It’s been a busy few weeks for NBC Sports Network IndyCar analyst Townsend Bell. Not only has he called the first four races of the season, but he’s also raced twice in the American Le Mans Series with the West/Alex Job Racing/Boardwalk Ferrari team and done TV work for NBC’s Stadium Super Trucks coverage.
Oh, and he got his Indianapolis 500 deal done too. Bell will race the No. 60 Sunoco and “Turbo” movie entry for Panther Racing.
With all that out of the way, Bell still had time to provide some insights from the last two IndyCar races at Long Beach and Brazil. It’s the latest installment of MotorSportsTalk’s “Ten with Townsend” series (see St. Petersburg and Barber debriefs linked here).
-Before we get to Brazil, how excited are you to have your Panther deal done for the 500, and what will it mean to you to get to work with JR Hildebrand and Oriol Servia?
I’m super pumped. I’m really looking forward to working with both of them. They both get around Indy very well and I expect we’ll have great cars. It helps having driven for Panther (2004 and 2005) and DRR (2008 and 2011) in the past.
-Brazil: Where does it rank among races you’ve seen? What was it like for you to call those final laps?
It’s the best IndyCar street race I can recall! It was a lot of fun in the booth, and I had a hard time not letting a few holy expletives slip out!
-You said on the broadcast, basically, that now the gloves are off in terms of defending vs. blocking. Do you see that as a positive for the series where officialdom doesn’t interfere?
I expect the drivers will be quite vocal about consistency. How are we supposed to know where the line is if it’s always moving?
-What does it say about Hinch in that he knew how to read Sato’s moves and then be able to pull off a move as he did?
I think it shows his maturity to patiently take care of his tires while the tow in front went at it. Sato did a great job to try and hang on but he was out of grip by that last lap.
-On Sato (pictured): Regardless of whether he was or wasn’t blocking, with a win and second place, how impressive has he and team been in the last two races?
They have been terrific, but you could see their improvement coming last year. The fact that they are putting it all together over a race weekend is impressive. The pieces were all there but sometimes they just need to be strung together. Conor Daly should be excited.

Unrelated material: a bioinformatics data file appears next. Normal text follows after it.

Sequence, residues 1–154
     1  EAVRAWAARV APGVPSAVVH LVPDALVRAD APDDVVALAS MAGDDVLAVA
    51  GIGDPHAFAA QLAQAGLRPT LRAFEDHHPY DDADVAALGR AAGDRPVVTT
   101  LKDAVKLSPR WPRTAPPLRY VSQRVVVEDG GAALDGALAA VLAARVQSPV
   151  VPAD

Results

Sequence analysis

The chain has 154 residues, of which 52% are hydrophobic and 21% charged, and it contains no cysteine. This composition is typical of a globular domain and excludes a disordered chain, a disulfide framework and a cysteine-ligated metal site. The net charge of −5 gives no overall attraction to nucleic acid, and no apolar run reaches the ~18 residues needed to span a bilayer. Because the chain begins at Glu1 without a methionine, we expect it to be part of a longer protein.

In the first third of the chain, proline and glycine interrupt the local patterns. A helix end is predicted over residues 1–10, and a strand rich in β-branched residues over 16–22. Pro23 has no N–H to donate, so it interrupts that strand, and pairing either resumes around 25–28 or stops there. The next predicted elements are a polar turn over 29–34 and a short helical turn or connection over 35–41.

-Through four races, do you feel that the other teams have caught up to Penske and Ganassi, do you think they’ve regressed, or just had poor luck?
It’s a little of both. With a spec car it’s more difficult to find those advantages these days. The benefits of that are debatable.
-Most improved at Brazil? Biggest disappointment?
(Josef) Newgarden was great. It was nice to see him get a solid top-five and charging for a win.
(Tony) Kanaan. He worked so hard despite the pain and came up short thru no fault of his own. He is the ultimate warrior, and he’ll be strong at Indy, I’m sure.
-Now as we head into the month of May, do you anticipate the same teams will be strong or does moving to ovals shift it back to the power teams?
Man, it seems like the whole field is strong… seriously.
-At Long Beach, how did you balance the commitments of TV and also racing in ALMS? What did you learn about the track from racing that you could translate to the broadcast?
That plus frantically trying to get my Indy 500 deal lined up? I’m lucky to have some patient employers who share my passion for racing.
The nuances of the race track help me anticipate what might happen during the race. My broadcast instincts are sharpened.
-And lastly, how the hell did you survive the GoPro course preview with Wally’s shenanigans?
When he blinded me with silly string during an opposite lock drift…..I was convinced NBC was going to be the proud owner a highly modified Corvette!